Anglers’ Retreat near completion
The sound of Fish Creek provides background music for residents
December 10, 2006
Some Steamboat developments are a few years ahead of their time.
That was the case with Anglers’ Retreat, which took off last summer after several years of steady sales.
“This summer, all of a sudden, it went bam!” said Realtor Shelley Stanford of Colorado Group Realty. Her husband, Jerry, is the developer and builder of the 16 single family homes in the subdivision tucked almost out of sight along Fish Creek off Rollingstone Drive.
“We always knew it would be a success – we were comfortable that we were progressing at an OK speed,” Stanford said. “About a year ago, people began coming over from Vail and Aspen. That’s when it started to take off.”
Most of the prospective buyers coming from other mountain towns quickly sized the homes up and pegged them at $2 million instead of the $1.5 million asking price, she said.
Anglers’ Retreat was originally conceived by Stanford’s colleague at Colorado Group, Jim Cook. She and Jerry purchased the project from him in 2001.
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“Jerry has really brought the concept full circle,” Shelley said. “He has a vision for what he wants the neighborhood to become and does everything to perfection.”
From the beginning, Anglers’ was conceived as a developer-built subdivision with strict architectural guidelines that would ensure all of the modestly sized homes would evoke a “cottage” style.
Jerry Stanford and architect Leslie Weisshaar of Weisshaar Designs have collaborated on minor modifications that have given each home its own distinct look.
After the local real estate market recovered from the national recession of 2001, Anglers’ Retreat had seen eight homes built by 2004. Of the eight, a half-dozen had sold for an average price of $1 million.
Two years later, 14 of the homes have been sold (the last two sales are still under construction) and the final two homes available in the project will begin construction next spring.
The window of the master bedroom in one of the last two homes will look out directly at the ski trails of Mount Werner.
There has been one resale for $2 million, Stanford said.
The homes have relatively small footprints for million dollar-plus residences and were carefully sited to avoid damaging the mature trees on the property. They vary in size from 2,600 to 3,000 square feet. What stands out about Anglers’ Retreat is the quality of building materials and unmatched location, Stanford said.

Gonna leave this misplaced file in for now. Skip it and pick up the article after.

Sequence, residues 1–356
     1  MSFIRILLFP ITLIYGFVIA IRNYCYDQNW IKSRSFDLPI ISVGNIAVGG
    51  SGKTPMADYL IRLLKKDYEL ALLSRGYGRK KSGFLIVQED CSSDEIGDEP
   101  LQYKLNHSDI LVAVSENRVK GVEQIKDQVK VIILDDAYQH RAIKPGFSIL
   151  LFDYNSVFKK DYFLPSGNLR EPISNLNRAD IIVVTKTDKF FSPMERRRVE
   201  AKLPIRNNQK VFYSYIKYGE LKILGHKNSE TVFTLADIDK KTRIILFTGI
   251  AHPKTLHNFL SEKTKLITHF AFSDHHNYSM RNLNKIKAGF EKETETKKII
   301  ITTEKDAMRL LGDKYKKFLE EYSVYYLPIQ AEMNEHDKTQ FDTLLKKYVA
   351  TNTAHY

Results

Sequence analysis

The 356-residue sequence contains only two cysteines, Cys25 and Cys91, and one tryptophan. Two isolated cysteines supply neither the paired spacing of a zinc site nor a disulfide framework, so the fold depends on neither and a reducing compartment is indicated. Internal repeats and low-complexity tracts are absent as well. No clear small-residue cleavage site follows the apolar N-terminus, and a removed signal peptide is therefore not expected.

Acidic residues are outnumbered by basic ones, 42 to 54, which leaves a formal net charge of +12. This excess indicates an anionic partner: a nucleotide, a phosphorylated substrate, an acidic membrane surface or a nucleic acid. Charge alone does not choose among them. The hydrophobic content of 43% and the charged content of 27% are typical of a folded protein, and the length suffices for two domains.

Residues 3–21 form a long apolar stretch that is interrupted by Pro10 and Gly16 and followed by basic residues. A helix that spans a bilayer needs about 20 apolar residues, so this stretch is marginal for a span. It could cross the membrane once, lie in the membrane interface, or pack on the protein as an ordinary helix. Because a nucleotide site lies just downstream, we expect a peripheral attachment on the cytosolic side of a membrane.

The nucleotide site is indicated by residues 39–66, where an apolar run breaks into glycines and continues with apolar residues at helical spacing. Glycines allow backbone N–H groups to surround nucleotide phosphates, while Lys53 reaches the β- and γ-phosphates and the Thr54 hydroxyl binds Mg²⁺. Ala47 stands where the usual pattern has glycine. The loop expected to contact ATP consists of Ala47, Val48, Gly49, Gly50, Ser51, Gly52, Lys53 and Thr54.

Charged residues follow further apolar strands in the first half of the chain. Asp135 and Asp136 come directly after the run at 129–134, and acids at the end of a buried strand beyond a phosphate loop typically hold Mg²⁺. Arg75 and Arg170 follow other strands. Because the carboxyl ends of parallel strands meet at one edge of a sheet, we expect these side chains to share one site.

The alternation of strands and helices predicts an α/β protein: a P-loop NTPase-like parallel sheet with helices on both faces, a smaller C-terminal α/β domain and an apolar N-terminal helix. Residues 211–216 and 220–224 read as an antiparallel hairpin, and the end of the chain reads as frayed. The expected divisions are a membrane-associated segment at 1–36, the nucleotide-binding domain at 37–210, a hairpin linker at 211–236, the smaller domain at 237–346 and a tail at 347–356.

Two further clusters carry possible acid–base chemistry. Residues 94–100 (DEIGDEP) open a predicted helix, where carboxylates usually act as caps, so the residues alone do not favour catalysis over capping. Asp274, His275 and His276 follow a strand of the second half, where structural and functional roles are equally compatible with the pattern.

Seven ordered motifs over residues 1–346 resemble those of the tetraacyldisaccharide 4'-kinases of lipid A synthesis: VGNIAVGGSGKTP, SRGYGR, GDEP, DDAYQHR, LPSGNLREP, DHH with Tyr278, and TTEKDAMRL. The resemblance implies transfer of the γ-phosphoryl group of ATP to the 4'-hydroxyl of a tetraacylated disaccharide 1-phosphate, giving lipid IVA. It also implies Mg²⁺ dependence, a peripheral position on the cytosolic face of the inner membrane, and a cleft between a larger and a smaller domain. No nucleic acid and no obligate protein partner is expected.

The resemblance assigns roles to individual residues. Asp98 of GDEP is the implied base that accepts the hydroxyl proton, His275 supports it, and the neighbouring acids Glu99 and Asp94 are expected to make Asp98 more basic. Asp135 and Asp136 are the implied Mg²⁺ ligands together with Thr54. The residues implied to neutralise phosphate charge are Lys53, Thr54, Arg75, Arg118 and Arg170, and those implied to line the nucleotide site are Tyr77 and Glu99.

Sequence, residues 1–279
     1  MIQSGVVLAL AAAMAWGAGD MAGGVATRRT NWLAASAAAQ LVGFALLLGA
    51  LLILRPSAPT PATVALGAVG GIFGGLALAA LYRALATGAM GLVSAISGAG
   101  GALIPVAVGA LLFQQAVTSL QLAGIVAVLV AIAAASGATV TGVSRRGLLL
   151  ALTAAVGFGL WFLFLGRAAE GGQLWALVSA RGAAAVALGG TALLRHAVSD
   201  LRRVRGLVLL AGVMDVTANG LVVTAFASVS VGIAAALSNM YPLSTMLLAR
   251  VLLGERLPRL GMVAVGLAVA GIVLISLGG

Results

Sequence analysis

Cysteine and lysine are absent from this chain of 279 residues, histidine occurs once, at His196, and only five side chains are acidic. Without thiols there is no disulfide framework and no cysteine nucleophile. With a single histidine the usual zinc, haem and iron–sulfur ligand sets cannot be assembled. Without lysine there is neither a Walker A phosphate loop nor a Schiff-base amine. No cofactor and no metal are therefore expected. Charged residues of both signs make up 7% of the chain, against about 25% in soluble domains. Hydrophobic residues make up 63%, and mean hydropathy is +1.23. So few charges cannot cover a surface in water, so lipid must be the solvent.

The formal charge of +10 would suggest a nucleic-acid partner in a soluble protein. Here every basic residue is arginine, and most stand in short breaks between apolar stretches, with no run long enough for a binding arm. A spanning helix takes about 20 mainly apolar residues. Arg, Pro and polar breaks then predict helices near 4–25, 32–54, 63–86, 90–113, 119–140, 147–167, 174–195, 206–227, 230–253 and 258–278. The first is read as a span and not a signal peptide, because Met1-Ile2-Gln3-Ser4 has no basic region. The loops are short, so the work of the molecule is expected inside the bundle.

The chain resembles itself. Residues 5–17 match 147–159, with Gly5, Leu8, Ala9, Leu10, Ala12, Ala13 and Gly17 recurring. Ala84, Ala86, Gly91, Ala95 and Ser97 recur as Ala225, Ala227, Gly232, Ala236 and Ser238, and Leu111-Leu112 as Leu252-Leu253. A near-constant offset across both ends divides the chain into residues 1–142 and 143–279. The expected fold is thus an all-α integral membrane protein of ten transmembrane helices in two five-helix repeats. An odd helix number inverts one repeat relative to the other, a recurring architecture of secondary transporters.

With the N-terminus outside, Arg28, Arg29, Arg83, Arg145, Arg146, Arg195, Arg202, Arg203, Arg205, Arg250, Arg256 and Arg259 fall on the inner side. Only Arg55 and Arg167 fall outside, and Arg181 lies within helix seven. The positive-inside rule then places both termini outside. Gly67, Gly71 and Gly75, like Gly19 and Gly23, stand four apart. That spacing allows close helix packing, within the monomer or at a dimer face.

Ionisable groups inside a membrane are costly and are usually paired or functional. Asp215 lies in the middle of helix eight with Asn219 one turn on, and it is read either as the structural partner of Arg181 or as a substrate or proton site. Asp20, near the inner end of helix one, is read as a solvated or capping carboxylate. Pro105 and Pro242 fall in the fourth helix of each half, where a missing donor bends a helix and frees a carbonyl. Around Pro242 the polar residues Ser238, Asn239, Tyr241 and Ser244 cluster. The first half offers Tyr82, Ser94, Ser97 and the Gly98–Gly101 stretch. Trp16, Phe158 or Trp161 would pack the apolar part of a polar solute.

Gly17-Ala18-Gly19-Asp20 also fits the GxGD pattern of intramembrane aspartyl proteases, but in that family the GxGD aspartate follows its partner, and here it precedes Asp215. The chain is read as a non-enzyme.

Residents are within easy walking distance of shopping, two grocery stores and dining at Sundance at Fish Creek. Yet, the homes are insulated from the bustle of nearby U.S. Highway 40. The rushing noise of Fish Creek and the stands of 150-year-old evergreen trees on the property give it a secluded feeling.
The mix of permanent homeowners and second-home owners at Anglers’ has evolved a little in the past couple of years, Stanford said. Early in the history of the development, it was half-and-half. Now, roughly 60 percent of the owners are not here full time. Yet, those second-home owners are likely to spend eight months of the year in Steamboat, she said.
The homeowners association owns historic agricultural water rights from Fish Creek, which have been cleverly used to create water features, streams and a pond, which make an addition to the neighborhood. The civil engineering firm Landmark Consultants oversaw the redesign of old irrigation ditches into the small creeks and water features in the project.
There are about 6 acres of common open space including frontage on the pond. Residents enjoy lighted paths and walking trails along Fish Creek.
Stanford said the homes in Anglers’ appeal to people who want a luxurious single-family home without having to assume responsibility for all the chores associated with keeping it up.
The monthly association fees of $675 include an unusual level of service including installation of holiday ornaments, gardening, caring for the water features, window washing, hand shoveling of driveways, lawn irrigation and cable television.
Stanford can be reached at 870-8800.
– To reach Tom Ross, call 871-4205
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